I made a sign of weariness and the wall yawned.
I was a clown that emerges from a chrysalis for part of the day. Then after tying my hot air balloon to a passing flock of geese I became the “Protector of Parts” for another. This is a serious post, which can be appreciated by the amount of ivy growing up it.
I went up the voices that behave like steps and came to a place where the circles and cylinders play. I rotated with abandon but did not hear any more messages. I waved a handkerchief to surrender and the outlaws all gave themselves up.
It was a busy evening but I split into three and managed to cope with the wild beasts that race by the river.
This is the last day I would be able to sit on a skyscraper. This was after I made a young lady out of soap. Although I had a faint recollection of wearing a veil when I married myself, I don’t think there is any difference in my condition.
I spent some time hanging from lianas – these were ringing wet after all the recent rain. Once I finally got down (after a detour round the bridge that chimes) I was able to unfold the flag which I usually keep with my memories of past times.
The evening was spent in a wine bottle like a message.
Another day in the fairground – going up some things and down (too quickly) others. The music, which emanates from recently appeared toadstools, was quite cheerful but I felt like singing dirges. All the old stones that collect by the road side would sing the chorus.
One unusual event was finding a werewolf in the road. I brought it home in case it got run over. I pretended to be a vampire so I didn’t get bit. However I must admit I was a little concerned when I later bit the postman.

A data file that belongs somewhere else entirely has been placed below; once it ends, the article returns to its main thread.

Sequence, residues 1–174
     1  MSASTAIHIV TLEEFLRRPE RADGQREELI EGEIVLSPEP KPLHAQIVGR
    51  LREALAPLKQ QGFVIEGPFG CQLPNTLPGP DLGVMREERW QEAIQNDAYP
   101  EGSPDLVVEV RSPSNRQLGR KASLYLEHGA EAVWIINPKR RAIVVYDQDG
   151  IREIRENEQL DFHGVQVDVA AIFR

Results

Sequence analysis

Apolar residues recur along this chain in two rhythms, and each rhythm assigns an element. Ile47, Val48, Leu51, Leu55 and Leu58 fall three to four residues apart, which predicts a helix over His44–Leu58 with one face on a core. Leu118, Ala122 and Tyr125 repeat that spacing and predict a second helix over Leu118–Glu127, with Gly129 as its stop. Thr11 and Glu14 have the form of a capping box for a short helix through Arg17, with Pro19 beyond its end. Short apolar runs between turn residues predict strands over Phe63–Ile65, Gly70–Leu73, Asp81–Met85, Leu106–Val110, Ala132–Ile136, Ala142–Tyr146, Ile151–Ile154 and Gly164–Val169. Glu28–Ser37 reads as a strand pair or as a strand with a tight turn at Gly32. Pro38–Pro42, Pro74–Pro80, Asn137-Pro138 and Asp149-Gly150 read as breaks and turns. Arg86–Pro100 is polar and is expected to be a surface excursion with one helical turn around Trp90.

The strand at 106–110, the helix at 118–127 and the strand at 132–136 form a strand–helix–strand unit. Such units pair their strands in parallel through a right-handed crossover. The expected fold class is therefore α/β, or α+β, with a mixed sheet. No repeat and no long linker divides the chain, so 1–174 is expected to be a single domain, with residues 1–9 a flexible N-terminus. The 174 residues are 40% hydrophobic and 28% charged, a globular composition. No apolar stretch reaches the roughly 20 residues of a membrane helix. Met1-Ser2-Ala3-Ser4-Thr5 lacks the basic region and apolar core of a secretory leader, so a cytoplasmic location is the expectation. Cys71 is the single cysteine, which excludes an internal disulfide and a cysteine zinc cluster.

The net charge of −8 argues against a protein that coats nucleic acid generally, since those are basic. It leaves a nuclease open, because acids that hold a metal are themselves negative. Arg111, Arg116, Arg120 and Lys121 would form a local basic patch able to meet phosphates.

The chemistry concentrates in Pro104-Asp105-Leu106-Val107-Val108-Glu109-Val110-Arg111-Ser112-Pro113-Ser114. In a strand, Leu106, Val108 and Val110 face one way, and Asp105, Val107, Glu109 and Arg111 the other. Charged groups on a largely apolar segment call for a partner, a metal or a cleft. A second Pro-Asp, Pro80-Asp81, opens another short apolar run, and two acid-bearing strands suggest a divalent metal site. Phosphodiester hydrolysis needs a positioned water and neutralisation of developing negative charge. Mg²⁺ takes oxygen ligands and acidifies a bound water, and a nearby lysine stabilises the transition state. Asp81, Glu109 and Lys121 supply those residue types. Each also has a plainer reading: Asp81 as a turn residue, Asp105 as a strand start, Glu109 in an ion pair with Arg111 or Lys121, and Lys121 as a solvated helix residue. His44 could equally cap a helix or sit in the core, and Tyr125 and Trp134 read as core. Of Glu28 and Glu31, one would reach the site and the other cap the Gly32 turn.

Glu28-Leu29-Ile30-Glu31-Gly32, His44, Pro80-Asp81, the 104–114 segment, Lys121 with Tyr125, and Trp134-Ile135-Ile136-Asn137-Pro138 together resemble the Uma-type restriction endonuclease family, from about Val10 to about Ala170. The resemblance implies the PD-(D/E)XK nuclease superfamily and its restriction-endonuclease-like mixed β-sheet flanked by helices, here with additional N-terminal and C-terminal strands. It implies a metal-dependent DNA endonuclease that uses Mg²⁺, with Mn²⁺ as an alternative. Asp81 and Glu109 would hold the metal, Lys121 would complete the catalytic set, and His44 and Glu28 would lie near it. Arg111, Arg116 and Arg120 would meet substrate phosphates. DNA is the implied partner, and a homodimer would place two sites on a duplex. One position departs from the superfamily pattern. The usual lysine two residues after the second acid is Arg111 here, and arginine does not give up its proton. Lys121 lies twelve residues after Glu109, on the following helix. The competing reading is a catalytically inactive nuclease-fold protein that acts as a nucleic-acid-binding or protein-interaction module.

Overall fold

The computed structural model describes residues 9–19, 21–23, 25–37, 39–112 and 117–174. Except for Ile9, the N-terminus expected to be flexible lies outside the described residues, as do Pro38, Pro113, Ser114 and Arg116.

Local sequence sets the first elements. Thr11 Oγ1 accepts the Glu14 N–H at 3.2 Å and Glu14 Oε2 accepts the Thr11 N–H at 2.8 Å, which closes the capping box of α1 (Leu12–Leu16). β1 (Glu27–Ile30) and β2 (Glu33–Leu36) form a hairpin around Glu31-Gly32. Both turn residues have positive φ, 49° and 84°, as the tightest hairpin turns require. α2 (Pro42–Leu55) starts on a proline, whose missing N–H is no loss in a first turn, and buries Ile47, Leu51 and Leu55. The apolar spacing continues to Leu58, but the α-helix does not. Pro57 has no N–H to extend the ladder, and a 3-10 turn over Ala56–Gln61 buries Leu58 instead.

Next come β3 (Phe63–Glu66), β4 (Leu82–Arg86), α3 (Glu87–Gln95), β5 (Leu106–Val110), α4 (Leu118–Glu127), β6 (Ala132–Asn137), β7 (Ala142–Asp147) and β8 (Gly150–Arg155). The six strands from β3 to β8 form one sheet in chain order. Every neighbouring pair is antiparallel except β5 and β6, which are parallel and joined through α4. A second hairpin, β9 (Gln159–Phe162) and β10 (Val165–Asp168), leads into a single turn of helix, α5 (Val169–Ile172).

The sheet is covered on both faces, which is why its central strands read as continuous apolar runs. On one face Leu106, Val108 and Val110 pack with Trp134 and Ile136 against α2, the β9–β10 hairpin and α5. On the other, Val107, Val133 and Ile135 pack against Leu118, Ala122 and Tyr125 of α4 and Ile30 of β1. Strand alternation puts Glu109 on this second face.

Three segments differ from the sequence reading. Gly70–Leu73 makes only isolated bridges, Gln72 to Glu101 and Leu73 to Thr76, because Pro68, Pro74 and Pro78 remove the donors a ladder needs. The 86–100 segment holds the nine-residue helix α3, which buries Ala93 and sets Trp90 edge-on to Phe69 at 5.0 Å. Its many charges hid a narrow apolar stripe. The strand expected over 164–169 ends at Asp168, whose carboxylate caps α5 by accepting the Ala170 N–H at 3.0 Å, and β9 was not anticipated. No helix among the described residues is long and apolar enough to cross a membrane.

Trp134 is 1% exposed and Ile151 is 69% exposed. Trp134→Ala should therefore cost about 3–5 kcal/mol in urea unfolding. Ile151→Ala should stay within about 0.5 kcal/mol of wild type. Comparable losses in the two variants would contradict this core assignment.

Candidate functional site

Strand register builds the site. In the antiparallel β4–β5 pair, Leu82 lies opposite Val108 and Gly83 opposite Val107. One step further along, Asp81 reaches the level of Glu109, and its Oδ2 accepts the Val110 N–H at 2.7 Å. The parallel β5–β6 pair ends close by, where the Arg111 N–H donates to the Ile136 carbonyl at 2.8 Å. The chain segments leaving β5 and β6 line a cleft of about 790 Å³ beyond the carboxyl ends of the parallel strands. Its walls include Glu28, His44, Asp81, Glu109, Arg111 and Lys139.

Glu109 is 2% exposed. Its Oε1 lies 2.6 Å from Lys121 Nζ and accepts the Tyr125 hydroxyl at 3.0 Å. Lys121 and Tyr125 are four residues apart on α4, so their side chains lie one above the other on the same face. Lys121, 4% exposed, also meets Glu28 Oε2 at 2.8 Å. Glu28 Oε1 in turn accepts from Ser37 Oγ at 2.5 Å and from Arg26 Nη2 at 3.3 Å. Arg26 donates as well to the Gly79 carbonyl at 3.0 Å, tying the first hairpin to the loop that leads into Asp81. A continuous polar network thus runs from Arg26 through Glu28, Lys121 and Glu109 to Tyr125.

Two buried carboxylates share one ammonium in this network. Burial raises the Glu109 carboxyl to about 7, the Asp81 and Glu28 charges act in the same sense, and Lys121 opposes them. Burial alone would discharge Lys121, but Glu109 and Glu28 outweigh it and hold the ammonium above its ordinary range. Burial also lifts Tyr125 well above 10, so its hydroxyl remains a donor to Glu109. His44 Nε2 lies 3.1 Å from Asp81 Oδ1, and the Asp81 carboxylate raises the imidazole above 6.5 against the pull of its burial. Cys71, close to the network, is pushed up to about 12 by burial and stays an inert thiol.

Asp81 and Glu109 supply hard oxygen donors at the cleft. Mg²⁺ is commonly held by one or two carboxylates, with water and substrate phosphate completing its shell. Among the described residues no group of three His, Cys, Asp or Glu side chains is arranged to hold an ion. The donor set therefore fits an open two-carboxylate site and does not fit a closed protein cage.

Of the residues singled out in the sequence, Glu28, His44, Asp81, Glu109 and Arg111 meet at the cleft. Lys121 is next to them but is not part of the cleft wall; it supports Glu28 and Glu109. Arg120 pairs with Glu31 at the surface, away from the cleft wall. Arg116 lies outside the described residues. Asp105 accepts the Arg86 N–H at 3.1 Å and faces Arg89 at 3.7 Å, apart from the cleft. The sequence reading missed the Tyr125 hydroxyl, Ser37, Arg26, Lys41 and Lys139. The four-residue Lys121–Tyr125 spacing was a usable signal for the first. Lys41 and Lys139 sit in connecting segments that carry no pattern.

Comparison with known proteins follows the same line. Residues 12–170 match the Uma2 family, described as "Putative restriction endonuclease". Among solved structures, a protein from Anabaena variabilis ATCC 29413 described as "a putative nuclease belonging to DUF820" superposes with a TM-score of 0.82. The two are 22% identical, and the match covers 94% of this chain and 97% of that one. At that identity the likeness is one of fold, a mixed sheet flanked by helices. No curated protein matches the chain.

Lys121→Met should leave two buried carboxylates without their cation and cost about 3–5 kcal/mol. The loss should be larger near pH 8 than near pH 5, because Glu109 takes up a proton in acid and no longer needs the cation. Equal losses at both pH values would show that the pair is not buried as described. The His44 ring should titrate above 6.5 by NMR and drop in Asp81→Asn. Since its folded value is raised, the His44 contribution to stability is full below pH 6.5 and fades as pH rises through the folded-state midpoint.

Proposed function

I ended the day as I started it. Going up and down! I was a bell rope that people could pull.
A slither day, but quite productive for a mere scale on a snake’s underbelly. I made intricate marks in the sand; these represented my life before I was born – this was even before the chalk lines became roads. The villages looked smaller then but I still felt a certain nostalgia for the hillside that necessitated stripping down to your vest to climb up it.
After making marks on the ground I climbed up a rope – through a small hole in the glass eye – to a reasonable resting place on a floating land hidden by clouds. Strange animals could only be detected by the marks they made on the ground.
Incidentally, cloud hidden lands were a frequent destination of mine when I first learnt to fly.
I started the day in a plastic bag and then, after a brief spell as a jellyfish, I became one of the Equestrians of Rome – I didn’t have enough money to become a Senator.
I spent some time in the middle of a combine harvester – I examined it’s inner workings, which reminded me of a Babylonian tomb. I headed west to see the gardens but all I saw was a hole in the ground.
My alter ego suffered from indigestion (for the third day in a row) so he built an igloo in the garden and invited round a husky.